So how long do you think it will be before such technoloogy is widely availble to the public?
10 years? Maybe 25?
I'd be more interested in a 128-qbit quantum computer.
There technically are 512 bit cpus but they arent rrally exciting.. the intel xeon phi, i think its only the floating point par that is 512 but so just numwber crunching for science
Consumer desktops and laptops are still being sold with 4 or 8 GB of RAM (every so often you see one with 12 GB of RAM these days) and neither Windows nor standard software has gotten bloated enough to render this insufficient. Meanwhile I use a computer with 32 GB of RAM and an 8 core processor in my laboratory for sequence alignment. Moore's law stopped working as advertised in 2005, so I expect that this state of affairs will continue until either a)quantum computing comes along and upsets things or b)technical progress in computers finally comes to a halt and information technology becomes another ossified industry that was once cutting edge, like cars or petrochemicals. The way things are looking now, I think that quantum computing will be developed the year after they figure out controlled nuclear fusion and world peace.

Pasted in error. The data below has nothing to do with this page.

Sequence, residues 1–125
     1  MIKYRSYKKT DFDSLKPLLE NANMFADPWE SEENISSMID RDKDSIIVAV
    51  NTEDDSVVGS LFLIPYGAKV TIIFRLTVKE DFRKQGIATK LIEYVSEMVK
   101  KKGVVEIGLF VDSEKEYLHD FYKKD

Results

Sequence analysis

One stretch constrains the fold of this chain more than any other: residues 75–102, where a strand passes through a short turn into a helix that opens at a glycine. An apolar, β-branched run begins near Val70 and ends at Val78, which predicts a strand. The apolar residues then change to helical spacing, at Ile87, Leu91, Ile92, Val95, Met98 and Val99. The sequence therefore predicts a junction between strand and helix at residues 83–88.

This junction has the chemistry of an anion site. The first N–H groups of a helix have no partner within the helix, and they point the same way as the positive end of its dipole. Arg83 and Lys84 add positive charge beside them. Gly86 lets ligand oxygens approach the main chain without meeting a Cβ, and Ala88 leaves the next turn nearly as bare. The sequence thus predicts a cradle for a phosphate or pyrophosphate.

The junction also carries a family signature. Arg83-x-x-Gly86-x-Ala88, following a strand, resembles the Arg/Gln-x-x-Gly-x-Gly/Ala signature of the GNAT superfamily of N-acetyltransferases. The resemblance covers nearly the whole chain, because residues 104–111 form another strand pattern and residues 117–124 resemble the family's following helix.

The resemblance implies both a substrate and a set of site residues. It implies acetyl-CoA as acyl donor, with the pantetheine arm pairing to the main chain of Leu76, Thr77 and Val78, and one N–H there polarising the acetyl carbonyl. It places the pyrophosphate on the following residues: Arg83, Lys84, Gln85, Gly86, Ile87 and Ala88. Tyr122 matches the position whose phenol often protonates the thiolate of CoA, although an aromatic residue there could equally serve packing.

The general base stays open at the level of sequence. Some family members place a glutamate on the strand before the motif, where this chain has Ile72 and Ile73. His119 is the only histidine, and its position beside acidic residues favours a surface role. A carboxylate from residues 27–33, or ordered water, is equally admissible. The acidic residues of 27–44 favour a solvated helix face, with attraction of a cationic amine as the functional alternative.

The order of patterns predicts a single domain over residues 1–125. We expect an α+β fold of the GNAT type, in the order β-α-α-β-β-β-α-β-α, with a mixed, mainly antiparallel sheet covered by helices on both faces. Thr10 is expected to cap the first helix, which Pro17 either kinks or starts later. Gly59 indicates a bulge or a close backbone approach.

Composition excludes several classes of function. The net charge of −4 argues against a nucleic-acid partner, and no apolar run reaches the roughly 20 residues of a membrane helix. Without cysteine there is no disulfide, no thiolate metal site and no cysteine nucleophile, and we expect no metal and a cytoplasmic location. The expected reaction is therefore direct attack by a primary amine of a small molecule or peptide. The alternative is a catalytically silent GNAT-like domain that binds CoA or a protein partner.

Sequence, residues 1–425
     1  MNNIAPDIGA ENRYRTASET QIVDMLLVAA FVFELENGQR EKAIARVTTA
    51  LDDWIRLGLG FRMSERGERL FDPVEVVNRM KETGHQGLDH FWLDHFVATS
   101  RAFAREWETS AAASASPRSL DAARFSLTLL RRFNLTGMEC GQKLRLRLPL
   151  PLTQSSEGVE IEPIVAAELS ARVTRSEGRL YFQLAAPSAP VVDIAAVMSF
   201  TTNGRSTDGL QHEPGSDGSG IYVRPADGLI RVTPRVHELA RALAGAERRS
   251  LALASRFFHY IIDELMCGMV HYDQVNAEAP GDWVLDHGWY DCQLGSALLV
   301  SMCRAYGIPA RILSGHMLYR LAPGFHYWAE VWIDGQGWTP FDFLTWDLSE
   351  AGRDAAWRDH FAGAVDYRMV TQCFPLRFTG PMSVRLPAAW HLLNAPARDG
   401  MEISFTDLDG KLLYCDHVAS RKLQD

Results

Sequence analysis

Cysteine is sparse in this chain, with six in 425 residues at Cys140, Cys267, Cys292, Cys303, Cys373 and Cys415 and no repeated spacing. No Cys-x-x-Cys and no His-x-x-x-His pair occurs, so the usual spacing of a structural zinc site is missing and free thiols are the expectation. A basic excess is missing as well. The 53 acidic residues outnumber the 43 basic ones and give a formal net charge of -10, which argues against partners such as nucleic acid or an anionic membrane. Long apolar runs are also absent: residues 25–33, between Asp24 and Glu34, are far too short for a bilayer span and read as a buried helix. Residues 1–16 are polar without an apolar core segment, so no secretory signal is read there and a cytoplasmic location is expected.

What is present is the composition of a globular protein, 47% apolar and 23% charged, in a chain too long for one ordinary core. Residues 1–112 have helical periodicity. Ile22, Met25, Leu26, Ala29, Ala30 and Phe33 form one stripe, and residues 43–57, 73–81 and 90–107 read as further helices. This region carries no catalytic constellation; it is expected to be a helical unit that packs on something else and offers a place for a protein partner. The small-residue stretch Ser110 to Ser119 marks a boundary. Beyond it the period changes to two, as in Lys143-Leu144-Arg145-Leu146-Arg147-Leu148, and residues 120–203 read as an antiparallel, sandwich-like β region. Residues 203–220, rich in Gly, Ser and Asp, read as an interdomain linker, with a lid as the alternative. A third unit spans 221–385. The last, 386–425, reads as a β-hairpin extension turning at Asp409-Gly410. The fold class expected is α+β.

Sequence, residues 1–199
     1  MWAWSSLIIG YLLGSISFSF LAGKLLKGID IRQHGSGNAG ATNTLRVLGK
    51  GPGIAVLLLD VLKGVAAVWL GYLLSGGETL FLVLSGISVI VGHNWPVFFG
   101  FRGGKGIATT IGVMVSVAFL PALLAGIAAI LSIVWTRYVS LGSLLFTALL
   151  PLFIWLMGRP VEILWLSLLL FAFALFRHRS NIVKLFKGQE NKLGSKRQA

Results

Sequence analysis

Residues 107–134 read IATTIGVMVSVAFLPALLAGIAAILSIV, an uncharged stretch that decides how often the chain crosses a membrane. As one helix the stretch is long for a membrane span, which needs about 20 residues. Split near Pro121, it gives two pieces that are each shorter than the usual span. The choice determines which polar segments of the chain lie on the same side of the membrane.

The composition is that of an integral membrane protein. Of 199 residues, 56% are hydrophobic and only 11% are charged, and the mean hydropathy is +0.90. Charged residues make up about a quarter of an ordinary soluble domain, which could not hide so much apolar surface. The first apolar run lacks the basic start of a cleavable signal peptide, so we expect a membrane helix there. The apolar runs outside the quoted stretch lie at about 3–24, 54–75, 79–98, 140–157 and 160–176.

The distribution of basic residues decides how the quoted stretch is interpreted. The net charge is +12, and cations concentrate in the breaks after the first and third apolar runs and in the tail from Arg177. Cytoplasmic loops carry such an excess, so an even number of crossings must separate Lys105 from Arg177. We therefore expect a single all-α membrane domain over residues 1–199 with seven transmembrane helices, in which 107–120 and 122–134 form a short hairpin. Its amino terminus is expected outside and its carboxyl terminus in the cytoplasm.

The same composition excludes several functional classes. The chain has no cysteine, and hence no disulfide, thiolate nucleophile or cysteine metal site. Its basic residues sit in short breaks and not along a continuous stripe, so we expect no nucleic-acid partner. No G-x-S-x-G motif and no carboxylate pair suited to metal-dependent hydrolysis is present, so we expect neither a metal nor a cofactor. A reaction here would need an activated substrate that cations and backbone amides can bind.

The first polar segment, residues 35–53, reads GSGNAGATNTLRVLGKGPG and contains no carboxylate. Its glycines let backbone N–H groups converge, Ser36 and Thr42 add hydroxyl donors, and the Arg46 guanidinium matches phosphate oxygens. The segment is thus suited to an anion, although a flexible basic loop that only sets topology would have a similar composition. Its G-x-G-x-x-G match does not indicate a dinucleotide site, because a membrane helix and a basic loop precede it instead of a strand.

At this point even an 8 Qbit (or a full quantum byte) computer would be good. From what I heard the max they have achieved so far is something like 5 Qbits or some other odd number.
It doubles about every 10 years
1980 - 8 bit
1990 - 16 bit
> Google, using an array of 9 superconducting qubits developed by the Martinis group and UCSB, accurately simulates a hydrogen atom.
and now d-wave has built an even bigger fake quantum computer ("2000 qubits").
That would be lots of data! xddd